Conscious of what has happened to resettled communities in the area, villagers of Houay Chot explained to me that they had decided to initiate a photo documentation project of all the wild species of animals and plant life in the mountains and rivers around them. They quickly explained the example of relying on over 20 different species of fish found in the streams and rivers nearby, and the variety of dishes that can be prepared from this important source of food. Now, they want to be able to record everything so that they can monitor what happens if plantation companies or dam builders begin claiming their land.
Commonly Threatened Futures
All of the headmen and villagers I met reported that over the past six weeks, they have been visited by people from the Xe Pian-Xe Namnoy Power Company and project consultants from Thailand, Europe and North America. Photographs of people’s homes, land and of their families have been taken. Questions have been asked about the foods and incomes they rely on. Construction camps with signage by the Korean company, SK Construction and Engineering, have recently begun to be erected.
It now appears that after years of delays, the Xe Pian - Xe Namnoy Hydropower Project is set to be constructed, this time with a possible loan from the Asian Development Bank. With the Concession Agreement signed in October 2012, shareholders include Thailand’s Ratchaburi Electricity Company, two Korean firms, SK Engineering & Construction Company and Korea Western Power Company, and the government of Lao PDR. At least ninety per cent of the electricity generated is expected to be exported to Thailand.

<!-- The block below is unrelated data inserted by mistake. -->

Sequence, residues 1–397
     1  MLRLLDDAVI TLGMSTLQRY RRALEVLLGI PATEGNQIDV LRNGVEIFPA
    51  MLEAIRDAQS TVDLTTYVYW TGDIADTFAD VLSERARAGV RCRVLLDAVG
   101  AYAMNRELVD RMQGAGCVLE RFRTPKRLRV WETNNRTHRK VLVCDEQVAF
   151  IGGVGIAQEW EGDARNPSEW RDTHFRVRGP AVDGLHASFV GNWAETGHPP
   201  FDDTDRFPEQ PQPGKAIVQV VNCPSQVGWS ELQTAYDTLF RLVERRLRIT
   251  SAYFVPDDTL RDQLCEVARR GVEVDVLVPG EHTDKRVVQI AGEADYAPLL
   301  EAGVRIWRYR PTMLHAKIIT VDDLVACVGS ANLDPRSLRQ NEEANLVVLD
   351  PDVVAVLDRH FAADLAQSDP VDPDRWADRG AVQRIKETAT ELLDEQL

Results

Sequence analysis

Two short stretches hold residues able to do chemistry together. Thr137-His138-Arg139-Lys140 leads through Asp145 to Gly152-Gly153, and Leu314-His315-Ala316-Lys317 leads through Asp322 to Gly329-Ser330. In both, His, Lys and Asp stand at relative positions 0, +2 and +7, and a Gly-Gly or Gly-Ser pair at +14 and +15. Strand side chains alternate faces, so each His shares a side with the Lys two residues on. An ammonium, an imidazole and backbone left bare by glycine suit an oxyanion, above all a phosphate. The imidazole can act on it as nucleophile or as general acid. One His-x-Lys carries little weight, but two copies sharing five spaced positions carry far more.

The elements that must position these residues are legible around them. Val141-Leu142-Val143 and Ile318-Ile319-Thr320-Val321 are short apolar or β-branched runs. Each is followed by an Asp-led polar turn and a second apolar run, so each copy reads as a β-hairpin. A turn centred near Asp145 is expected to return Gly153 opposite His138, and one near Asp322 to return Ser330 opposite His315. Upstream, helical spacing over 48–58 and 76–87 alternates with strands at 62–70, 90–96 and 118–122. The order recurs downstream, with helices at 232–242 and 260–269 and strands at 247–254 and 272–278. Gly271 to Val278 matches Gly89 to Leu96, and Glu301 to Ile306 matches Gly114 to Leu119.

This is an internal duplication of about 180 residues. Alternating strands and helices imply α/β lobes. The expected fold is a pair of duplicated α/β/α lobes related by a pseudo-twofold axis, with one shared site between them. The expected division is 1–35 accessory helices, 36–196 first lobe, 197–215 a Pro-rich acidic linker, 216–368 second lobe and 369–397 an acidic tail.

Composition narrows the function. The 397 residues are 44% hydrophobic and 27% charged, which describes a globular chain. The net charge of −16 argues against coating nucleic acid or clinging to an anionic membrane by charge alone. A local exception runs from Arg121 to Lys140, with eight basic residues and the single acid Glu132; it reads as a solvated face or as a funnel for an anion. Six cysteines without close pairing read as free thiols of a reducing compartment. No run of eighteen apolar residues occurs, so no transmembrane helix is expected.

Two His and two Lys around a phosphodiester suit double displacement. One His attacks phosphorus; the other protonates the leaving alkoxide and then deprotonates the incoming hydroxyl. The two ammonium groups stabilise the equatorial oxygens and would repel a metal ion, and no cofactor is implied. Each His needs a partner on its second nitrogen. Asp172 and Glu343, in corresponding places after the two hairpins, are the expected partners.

This trans-basin project will consist of six dams on the Xe Pian, Xe Namnoy and Houay Makchan rivers, with water diverted through a tunnel and channel into the Sekong River. This project is expected to lead to the flooding of the watershed areas that the thousands of Nya Heun residents in the resettlement zone still rely upon. It will also have serious impacts on fisheries in the region. It is not clear whether transboundary impacts have been assessed, despite the fact that thousands of ethnic minority people in Cambodia live downstream, along the Sekong River.
Indeed, no one from the communities I visited near Paksong or Attapeu, has heard yet what the impacts of the project will be on the land, rivers and fish around them. Having already experienced displacement once, they are frustrated and want to know what the Thai and Korean companies have in mind for ensuring their livelihoods are not negatively impacted. As one headman explained to me, “The companies building the Xe Namnoy Dam should first come to talk to people in our village. They should not start building the dam without talking to villagers first. We, the village people, need to know exactly what will happen and when…Now we are worried. Already the construction site of SK has been set up. But they have not come to our village to explain everything yet. We do not know what will happen and what support we will get. We are still waiting to know.”
If international institutions with environmental and social safeguards in place, like the Asian Development Bank, are going to consider investing in this project, they will need to take heed of villagers’ serious concerns over the apparent gaps in project consultation and transparency. It remains to be seen whether they will take this responsibility seriously.